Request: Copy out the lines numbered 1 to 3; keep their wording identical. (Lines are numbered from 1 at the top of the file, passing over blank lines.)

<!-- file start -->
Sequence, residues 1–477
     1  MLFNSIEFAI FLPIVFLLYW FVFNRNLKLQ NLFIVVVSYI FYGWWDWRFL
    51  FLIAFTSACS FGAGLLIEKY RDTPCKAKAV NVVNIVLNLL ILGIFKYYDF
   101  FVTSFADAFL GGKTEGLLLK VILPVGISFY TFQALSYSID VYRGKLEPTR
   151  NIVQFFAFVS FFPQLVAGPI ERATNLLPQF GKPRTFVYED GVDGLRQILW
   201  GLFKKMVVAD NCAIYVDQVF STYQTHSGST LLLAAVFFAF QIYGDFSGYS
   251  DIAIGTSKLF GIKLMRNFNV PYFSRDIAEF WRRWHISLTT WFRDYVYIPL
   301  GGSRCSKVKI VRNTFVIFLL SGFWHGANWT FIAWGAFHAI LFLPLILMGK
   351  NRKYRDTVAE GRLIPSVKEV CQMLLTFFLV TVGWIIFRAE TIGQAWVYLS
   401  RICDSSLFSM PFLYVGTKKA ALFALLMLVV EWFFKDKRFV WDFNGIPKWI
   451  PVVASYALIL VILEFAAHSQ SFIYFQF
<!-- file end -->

Sequence, residues 1–477
     1  MLFNSIEFAI FLPIVFLLYW FVFNRNLKLQ NLFIVVVSYI FYGWWDWRFL
    51  FLIAFTSACS FGAGLLIEKY RDTPCKAKAV NVVNIVLNLL ILGIFKYYDF